Issue 227 to 238.

Native Australian bees have taken out the prize for Small Publishers' Adult Book of the Year at the 2017 Australian book awards - with some thanks to former CSIRO entomologist Tim Heard.

fish feeding

Five years ago, ECOS reported on new research investigating the potential for a biological control to manage the problem of carp in the Murray-Darling river system. The ongoing research is now part of a $15m national plan.

african landscape

Using the same methodology used in Australia's greenhouse gas emissions accounting system, Kenya is now keeping track of its carbon emissions and leading the way in Africa.

stamp with bird

De-extinction is closer to reality than you think. 'Decision science' can help examine the feasibility of bringing species back and likely impact on existing environmental and species management programs, and help answer those nagging questions: 'Because we can, does it mean we should?', and 'what happens if we do?'

hillside farming in vietnam

Industrial-scale agriculture that focuses on increased yields might not be the answer to feeding the world's growing population. New research suggests the UN's Sustainable Development Goals require a discussion on quality over quantity, where smaller farms are recognised as the nutrient power house.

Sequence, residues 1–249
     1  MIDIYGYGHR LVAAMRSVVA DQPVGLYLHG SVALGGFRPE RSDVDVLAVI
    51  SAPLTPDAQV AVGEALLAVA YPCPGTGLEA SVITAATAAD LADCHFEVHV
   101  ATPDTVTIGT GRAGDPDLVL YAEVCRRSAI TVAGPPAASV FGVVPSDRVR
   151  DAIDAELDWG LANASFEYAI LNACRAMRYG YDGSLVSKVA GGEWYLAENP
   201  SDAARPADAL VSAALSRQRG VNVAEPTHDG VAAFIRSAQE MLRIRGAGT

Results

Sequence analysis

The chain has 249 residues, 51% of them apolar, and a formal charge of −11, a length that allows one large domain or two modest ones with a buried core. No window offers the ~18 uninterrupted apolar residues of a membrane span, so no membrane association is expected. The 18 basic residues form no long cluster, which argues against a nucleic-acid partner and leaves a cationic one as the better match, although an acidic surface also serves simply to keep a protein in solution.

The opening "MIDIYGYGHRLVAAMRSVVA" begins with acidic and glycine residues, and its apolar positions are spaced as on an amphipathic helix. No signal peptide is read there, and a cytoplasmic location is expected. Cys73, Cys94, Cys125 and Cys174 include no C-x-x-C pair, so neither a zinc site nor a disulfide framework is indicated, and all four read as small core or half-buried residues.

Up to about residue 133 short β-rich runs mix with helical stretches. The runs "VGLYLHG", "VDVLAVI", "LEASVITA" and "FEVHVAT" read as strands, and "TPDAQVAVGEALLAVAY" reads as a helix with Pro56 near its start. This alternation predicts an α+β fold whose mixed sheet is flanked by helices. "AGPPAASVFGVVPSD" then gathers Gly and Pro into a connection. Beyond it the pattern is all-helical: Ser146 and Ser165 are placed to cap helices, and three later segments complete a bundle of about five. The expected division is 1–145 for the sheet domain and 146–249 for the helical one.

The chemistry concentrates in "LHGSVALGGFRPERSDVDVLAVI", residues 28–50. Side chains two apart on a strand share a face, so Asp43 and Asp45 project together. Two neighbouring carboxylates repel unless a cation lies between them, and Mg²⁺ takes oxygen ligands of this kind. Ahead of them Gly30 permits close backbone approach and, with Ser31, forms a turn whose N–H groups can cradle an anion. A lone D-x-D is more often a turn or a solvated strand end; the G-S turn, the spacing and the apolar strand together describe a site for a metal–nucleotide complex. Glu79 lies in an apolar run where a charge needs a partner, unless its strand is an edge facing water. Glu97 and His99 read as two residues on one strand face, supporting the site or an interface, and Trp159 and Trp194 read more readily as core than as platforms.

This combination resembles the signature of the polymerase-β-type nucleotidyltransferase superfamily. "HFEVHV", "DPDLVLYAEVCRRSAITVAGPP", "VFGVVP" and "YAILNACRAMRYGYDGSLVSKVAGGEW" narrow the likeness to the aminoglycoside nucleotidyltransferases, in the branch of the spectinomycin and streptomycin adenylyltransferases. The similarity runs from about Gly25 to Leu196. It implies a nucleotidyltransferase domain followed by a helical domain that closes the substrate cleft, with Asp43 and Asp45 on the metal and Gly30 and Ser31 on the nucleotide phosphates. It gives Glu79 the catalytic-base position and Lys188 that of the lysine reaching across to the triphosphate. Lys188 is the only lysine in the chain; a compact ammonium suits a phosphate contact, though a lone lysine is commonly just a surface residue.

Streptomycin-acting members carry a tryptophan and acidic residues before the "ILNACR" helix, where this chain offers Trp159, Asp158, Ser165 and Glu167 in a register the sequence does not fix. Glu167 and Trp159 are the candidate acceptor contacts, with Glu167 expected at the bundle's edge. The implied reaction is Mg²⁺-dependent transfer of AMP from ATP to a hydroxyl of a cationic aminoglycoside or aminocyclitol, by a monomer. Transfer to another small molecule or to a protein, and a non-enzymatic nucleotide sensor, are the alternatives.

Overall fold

long distance image of a green valley with dams

Modern technology and old-fashioned community connectedness are transforming irrigation practices in a little corner of Tasmania.

satelite image of Earth

It is now recognised that the world's oceans play a pivotal role in climate. China and Australia are collaborating with a $20-million investment in a new research centre that will examine the importance of southern hemisphere oceans and how they influence climate change.

fish on market stall

CSIRO’s research helps ensure ecological modelling and stock assessments give fisheries and consumers across Australia clear information about good seafood choices.

Hand holding oyster and man in background

When the Australian oyster industry was struck by a potentially lethal virus in 2010, it had a strategic response in place, thanks to an earlier investment in genetic breeding research.